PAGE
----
Ella Jenkins: Songwriter -- How the singer keeps her craft going

It’s a good thing the Walkman hadn’t been invented when Ella Jenkins was growing up — she might have missed hearing the eclectic sound of her South Side Chicago neighborhood: music blaring from church and store loudspeakers, jukebox tunes, the strains of her uncle’s harmonica, even the singing of birds.

”I’m not a formal musician. I didn’t study music…I had a good ear,” says the 66-year-old performer and educator, who incorporates different sounds, rhythms, and chants from other cultures and places into her music.

Jenkins, who still lives in Chicago, has been singing at schools around the world since the mid-1950s, when she embarked on a full-time musical career. To each performance, she carries a bag of small, portable instruments, including five harmonicas (she has a collection of more than 100 at home), maracas, clave sticks, and castanets.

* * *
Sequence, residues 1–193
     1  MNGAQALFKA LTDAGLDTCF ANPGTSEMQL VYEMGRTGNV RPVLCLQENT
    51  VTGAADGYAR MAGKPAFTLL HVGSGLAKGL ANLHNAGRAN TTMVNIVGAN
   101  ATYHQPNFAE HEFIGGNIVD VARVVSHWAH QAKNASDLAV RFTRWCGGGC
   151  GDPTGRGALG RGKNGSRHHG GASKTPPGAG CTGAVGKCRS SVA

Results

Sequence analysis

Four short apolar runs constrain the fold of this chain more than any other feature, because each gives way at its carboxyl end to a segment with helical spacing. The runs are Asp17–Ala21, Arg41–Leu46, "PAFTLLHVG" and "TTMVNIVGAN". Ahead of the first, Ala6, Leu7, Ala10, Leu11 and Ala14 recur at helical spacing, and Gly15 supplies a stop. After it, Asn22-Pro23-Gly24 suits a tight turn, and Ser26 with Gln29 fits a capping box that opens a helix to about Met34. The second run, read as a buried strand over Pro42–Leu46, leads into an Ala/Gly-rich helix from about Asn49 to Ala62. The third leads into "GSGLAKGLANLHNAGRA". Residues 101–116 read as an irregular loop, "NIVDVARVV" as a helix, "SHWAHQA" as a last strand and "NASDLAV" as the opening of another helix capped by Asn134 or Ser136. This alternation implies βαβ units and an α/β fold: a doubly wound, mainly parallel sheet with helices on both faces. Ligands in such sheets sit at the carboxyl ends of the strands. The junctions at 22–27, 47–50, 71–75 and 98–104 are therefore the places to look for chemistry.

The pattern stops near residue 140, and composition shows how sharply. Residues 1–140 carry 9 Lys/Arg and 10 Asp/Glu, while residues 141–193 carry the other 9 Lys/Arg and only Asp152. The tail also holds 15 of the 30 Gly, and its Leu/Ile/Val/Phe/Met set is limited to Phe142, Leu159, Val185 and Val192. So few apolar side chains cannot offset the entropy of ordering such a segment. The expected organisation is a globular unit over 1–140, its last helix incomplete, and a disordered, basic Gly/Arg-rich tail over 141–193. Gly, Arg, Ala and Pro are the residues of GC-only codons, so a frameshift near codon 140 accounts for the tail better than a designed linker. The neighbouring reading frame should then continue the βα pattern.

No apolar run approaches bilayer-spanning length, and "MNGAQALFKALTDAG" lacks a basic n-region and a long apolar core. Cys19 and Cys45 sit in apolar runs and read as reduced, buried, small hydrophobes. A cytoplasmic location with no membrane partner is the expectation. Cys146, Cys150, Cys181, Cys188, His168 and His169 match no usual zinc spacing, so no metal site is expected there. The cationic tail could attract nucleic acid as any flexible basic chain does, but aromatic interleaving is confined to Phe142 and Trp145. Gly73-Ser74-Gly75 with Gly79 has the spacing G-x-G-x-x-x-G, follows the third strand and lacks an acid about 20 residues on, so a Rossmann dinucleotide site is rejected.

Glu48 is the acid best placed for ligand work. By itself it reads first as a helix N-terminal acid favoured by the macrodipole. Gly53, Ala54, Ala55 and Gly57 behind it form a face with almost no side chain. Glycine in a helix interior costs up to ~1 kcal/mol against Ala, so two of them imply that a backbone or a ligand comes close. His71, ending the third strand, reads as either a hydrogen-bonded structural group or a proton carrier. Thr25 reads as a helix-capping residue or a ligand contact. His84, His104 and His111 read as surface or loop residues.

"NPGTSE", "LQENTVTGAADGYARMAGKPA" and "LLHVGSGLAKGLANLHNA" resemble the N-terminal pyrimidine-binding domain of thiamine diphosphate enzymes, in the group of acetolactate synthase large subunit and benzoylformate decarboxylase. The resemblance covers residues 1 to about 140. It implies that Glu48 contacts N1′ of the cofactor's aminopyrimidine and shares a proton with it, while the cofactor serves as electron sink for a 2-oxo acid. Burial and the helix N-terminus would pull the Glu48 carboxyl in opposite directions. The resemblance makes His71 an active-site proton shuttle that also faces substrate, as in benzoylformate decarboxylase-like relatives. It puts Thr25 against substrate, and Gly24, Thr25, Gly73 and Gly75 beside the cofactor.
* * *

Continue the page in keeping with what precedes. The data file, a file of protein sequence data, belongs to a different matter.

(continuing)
This year brings three big milestones for Jen-kins: the 25th anniversary of her most popular recording, the best-selling You’ll Sing a Song and I’ll Sing a Song (the title tune is a Jenkins original made popular again by Raffi); the release of two new videos, Ella Jenkins Live at the Smithsonian and Ella Jenkins for the Family; and the arrival of a new album, Come Dance by the Ocean.

The sea itself was the inspiration for the new record. ”I was so fascinated by the sound,” she says. ”And it was a real rhythm, because it came and whooosh — I kept waiting for the new sound to come, and it came rushing.”